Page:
AUGUSTA, Maine — The Maine Bureau of Parks and Lands will hold a public meeting later this month on the final draft of the Kennebec Highlands Management Plan.
The public is invited to comment on the final draft, which proposes a blend of recreational uses for the region. The draft document is available on line, according to Amy Hudnor, BPL senior planner.
The public meeting will be held 6-8 p.m. Wednesday, June 29, at the Mount Vernon Community Center, Mount Vernon.
Kennebec Highlands is a state-owned property that stretches across the woodlands and hills of four towns, Vienna, Mount Vernon, Rome and New Sharon, Hudnor said. The area was purchased using Land for Maine’s Future funds over the last 11 years in partnership with the Belgrade Regional Conservation Alliance.
The land features remote ponds, streams, rolling uplands, several low mountains and two parcels with frontage on Long Pond.
“In fact, the highest peaks in Kennebec County are on the property,” Hudnor said. “Spectacular views of the surrounding lakes and mountains can be seen from several vistas, and scenic remote ponds provide excellent fishing.”
The property is remarkable for the variety of recreation opportunities located close to many of central Maine’s population centers, the BPL planner said.
“Part of the beauty of the Kennebec Highlands is that it is a large landscape available for public recreation in close proximity to population centers such as Augusta, Waterville, Skowhegan and Farmington,” Hudnor pointed out. “The landscape is enjoyed by residents and visitors to the surrounding towns, and it is also easy for nearby residents to drive up on a Saturday afternoon for a hike, or even after work for a short visit, to go fishing on McIntire Pond or pick blueberries.”
The final draft plan recommends recreational uses — both motorized and non-motorized — for separate areas of the Highlands as recommended by the public in a series of public meetings held in 2007 to get early input on management of the region, Hudnor said.
Feedback at those meetings showed that people wanted a variety of recreational opportunities; many wanted the area to be remote and reserved for hiking and other non-motorized uses, while others wanted open access for ATV riding. At that time, information also came to light about the potential for public rights of access on gravel roads in the Highlands, many of which have existed since the 19th century as access for early farms and homesteads.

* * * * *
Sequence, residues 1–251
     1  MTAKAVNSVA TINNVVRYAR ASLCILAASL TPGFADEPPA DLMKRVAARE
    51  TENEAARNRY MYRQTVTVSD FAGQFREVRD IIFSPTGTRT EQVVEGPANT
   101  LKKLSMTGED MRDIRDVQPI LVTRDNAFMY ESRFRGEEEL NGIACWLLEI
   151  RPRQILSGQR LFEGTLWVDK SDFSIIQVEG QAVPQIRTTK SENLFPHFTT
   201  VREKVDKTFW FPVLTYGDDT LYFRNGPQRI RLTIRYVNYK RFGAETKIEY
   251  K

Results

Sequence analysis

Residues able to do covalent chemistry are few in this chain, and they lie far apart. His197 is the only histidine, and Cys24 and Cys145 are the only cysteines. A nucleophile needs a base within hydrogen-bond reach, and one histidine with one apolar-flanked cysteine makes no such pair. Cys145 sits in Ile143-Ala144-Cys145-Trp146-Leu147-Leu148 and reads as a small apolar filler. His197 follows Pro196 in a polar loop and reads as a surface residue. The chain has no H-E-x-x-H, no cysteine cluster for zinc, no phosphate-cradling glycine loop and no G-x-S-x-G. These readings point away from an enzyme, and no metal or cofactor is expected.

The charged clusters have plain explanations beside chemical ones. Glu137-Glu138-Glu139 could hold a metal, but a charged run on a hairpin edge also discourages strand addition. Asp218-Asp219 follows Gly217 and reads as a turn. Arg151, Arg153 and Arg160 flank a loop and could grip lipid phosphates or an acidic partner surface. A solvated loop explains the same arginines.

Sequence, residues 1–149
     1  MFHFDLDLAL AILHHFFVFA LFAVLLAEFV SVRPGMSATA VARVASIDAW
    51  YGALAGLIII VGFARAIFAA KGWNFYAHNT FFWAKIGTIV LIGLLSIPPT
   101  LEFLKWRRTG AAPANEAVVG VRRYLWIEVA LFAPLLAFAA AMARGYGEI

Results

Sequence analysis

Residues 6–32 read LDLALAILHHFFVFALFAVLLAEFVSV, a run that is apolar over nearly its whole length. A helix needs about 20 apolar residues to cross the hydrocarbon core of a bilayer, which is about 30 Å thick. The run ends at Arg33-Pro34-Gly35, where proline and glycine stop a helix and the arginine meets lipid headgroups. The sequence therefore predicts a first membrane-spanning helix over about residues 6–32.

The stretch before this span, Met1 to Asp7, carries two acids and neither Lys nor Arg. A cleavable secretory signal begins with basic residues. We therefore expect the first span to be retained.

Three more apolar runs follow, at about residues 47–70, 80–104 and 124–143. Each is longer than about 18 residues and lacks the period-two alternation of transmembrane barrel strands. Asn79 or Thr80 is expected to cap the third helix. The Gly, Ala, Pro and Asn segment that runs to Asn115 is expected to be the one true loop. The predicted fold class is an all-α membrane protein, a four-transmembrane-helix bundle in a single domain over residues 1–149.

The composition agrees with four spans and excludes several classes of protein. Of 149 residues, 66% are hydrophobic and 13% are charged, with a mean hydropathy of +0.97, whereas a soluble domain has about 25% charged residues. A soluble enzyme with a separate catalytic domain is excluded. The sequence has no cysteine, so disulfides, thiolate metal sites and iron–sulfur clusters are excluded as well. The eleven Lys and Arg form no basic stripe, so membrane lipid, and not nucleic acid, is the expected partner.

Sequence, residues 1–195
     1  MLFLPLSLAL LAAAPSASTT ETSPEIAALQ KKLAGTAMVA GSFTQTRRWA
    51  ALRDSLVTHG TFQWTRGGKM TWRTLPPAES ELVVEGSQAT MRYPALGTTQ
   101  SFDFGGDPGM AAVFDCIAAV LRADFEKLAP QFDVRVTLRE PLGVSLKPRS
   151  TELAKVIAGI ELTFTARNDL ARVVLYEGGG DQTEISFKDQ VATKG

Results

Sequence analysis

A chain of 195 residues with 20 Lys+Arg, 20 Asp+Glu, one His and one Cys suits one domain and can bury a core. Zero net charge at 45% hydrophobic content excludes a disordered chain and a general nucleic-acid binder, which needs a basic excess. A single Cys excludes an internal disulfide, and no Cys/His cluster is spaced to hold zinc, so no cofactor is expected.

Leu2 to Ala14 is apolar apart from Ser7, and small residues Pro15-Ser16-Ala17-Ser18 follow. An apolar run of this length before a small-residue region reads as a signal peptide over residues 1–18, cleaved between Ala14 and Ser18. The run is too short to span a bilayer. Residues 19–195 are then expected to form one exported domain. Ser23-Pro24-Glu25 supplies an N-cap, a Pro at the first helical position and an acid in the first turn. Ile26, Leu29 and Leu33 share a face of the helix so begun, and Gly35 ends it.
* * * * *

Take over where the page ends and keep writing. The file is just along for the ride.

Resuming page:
BPL decided that it had to determine if public access rights existed on any of the Highlands roads before motorized access decisions could be made. The management planning process was suspended so the road issue could be researched, Hudnor said.
The bureau has been able to determine which of the gravel roads have public access rights, Hudnor continued. That in turn has allowed the planners to determine which areas are most suitable for trails for snowmobile and ATV use, and which areas could be reserved for remote recreation, where uses such as hiking, snowshoeing and backcountry skiing will be concentrated, she said.
“The focus of the final draft plan is on providing separate areas, particularly during the non-winter months, for remote non-motorized areas and motorized trails in a backcountry setting,” Hudnor explained. “The benefits of having a large public land in close proximity to where many people live are matched by the challenge of accommodating the great variety of interests in those lands. Fortunately the Kennebec Highlands is large enough, with enough landscape variety to in some way accommodate all interests expressed in the past public meetings.”
The final draft is available at: www.parksandlands.com
Scroll down the page and click on the Kennebec Highlands link.
To receive a paper copy, call or e-mail Amy Hudnor, BPL planner, at: (207) 287-2163 or firstname.lastname@example.org.
Written comments are invited until July 20. Please send written comments to the email address above, or mail to Amy Hudnor, Bureau of Parks and Lands, 22 State House Station, Augusta 04333.